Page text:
Immigration lawyers up and down the UK are right now working harder than ever to deal with an incredible influx of visa applicants from all over the world. With each passing year, more people than ever before set their sights on visa, sponsor licences in London and various other ways of entering the UK legally – many of whom are 100% dependant on the help and advice offered by immigration experts.
However, while the UK’s contingency of immigration lawyers has never been larger or more collectively capable, there are others working in the industry with far less to offer their clients. Quite simply, there’s a very big difference between an immigration lawyer and an immigration agent – the biggest of all being that the latter may have no formal training or qualifications whatsoever.
Does it really make a difference to the end result? Well, the simple answer is that it might – given the importance of immigration and visa applications however, ‘might’ is a word that should be stricken from the record. Technically anyone with a computer and an Internet connection can set up and start charging for immigration advice, though this of course doesn’t mean they’re in any way qualified to be doing so.
All of which leads to a clear conundrum – what’s the best of deciphering which of the two you’re dealing with in order to ideally avoid those that aren’t likely to help your case?
1 – Careful Use of Language
Well, first of all it may be fully legal for immigration agents to operate in any way they see fit, but one thing they cannot do is claim to be lawyers…or in any way legally qualified. According to experts, when you come across a bona-fide immigration lawyer with all the qualifications in the world, chances are they won’t be in a hurry to keep it a secret from you. By contrast, when you’re dealing with an agent that would prefer to dupe you into doing business with them, they’ll carefully skirt around the issue of legal qualifications without ever directly claiming to be lawyers. And in the cases of those that do go ahead and lie, there are other ways and means to work out what’s what.
2 – Qualifications and Certification
For example, lawyers tend to show off their qualifications and certificates as badges of honour, in order to show their prospective clients just how capable they are. Everyone knows that qualifications are not the be all and end all in law, but they are nonetheless a critical box to tick. After all, without the relevant qualifications, you cannot call yourself a lawyer. As such, you might want to look for evidence of the group’s qualifications before making a final decision and also any evidence of their membership of any elite boards or recognised organisations. If you cannot find any evidence of qualifications at all, chances are you can work out why this is the case.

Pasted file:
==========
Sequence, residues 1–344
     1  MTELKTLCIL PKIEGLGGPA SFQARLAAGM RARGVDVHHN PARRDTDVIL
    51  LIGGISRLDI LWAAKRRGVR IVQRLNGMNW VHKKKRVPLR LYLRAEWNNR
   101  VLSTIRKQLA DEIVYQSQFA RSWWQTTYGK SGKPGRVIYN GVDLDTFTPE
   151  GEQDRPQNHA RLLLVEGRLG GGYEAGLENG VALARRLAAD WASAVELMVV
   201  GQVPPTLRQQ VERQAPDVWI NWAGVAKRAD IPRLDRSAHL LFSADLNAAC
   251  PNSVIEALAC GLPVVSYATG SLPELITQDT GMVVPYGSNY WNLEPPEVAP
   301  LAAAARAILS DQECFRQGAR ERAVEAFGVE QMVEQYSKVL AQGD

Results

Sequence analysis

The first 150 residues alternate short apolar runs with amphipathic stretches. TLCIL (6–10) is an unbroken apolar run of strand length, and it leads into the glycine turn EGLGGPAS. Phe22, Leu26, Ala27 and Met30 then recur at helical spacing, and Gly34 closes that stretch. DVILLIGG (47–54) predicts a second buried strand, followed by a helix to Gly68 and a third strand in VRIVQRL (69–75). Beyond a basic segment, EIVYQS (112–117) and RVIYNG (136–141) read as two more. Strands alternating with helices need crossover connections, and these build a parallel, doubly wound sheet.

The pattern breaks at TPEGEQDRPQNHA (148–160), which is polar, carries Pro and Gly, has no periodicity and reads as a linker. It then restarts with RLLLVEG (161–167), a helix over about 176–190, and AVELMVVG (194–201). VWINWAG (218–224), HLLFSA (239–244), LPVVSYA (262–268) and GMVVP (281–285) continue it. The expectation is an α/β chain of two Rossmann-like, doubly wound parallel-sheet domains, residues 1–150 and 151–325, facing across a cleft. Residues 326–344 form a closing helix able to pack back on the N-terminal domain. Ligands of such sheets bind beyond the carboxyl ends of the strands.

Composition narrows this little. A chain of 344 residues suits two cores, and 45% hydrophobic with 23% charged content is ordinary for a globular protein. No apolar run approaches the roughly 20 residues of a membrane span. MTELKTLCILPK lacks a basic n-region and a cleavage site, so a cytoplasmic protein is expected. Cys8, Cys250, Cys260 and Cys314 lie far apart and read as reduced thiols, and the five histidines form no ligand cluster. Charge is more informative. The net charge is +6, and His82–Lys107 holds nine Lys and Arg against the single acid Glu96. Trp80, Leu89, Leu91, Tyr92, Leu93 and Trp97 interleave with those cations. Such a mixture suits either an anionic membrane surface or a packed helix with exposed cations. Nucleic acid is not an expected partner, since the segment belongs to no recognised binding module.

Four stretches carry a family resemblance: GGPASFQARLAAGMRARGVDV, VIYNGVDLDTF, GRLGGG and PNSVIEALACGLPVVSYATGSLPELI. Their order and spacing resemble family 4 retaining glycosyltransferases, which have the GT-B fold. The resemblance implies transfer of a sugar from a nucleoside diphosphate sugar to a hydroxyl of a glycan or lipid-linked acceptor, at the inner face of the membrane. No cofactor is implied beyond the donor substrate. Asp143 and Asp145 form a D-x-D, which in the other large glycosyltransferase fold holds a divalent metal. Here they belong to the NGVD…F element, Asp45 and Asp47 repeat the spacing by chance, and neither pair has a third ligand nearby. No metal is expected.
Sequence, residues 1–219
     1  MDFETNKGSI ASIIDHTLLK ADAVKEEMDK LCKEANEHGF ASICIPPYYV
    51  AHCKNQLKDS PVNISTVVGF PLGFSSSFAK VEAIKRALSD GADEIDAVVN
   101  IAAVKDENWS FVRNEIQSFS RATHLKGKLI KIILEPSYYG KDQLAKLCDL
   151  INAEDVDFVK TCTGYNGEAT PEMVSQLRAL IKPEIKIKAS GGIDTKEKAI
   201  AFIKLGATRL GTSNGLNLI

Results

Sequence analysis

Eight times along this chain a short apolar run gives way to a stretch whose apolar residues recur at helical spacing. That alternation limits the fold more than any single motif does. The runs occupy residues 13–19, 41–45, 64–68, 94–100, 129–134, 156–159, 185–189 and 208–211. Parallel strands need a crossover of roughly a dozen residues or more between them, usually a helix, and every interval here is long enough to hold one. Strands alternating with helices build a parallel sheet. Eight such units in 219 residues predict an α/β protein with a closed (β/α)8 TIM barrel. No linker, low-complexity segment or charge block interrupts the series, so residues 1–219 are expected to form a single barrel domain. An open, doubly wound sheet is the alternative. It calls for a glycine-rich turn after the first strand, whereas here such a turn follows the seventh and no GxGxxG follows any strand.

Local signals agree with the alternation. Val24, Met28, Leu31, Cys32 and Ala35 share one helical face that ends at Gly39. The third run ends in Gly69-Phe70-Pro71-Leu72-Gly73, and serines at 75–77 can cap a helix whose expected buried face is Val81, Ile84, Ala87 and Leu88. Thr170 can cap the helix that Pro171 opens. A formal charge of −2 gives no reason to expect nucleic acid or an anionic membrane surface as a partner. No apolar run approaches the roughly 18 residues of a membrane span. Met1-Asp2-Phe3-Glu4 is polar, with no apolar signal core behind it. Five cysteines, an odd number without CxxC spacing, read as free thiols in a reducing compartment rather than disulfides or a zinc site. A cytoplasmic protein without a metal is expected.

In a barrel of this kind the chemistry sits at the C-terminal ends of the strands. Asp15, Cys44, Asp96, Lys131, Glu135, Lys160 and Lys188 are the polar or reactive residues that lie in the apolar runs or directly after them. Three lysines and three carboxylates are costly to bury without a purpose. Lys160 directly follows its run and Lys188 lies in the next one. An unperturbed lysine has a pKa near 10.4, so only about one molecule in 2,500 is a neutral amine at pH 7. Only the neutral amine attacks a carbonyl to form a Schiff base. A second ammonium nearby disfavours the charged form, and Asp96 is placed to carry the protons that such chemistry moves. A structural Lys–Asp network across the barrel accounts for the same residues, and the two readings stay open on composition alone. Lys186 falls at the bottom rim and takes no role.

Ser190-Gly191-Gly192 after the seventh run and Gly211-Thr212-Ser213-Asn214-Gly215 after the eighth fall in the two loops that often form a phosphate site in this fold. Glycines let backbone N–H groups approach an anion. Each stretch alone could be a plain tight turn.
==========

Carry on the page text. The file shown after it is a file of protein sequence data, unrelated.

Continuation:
3 – Bewildering Bargains
There’s nothing more tempting than a great deal when it comes to seeking these kinds of premium rate professional services. Unfortunately, legal advice and representation is the kind of thing that doesn’t come cheap and generally speaking delivers results in accordance with expenses. It’s not to say that you cannot get great help and advice without spending a fortune, but if and when you find yourself staring down the barrel of a deal that’s too good to be true, chances are it is. There’s an industry average rate you should be looking to pay in accordance with the help you need – anything massively under this should set alarm bells ringing.
4 – All-Inclusive Packages
It sounds bizarre, but there are still so many legal agencies who claim to offer something of a one-size-fits-all package for visa applicants where a single set low price is paid and the same all-inclusive service offered to all clients across the board. Common sense should tell anyone however that this is an impossible promise to fulfil for the simple reason that every single visa application and every applicant across the board is 100% unique. How can one-size-fits-all service packages work when the outcome may be different in every instance? The answer is they can’t, which is why they should and must be avoided.
5 – Zero Evidence of Performance
Last up, any lawyer with a proud track record will have a small arsenal of case studies and feedback ready to share with new and prospective clients. More often than not this will be published via their website, but if not it must be requested. If there’s none to be found, you might want to look for help elsewhere.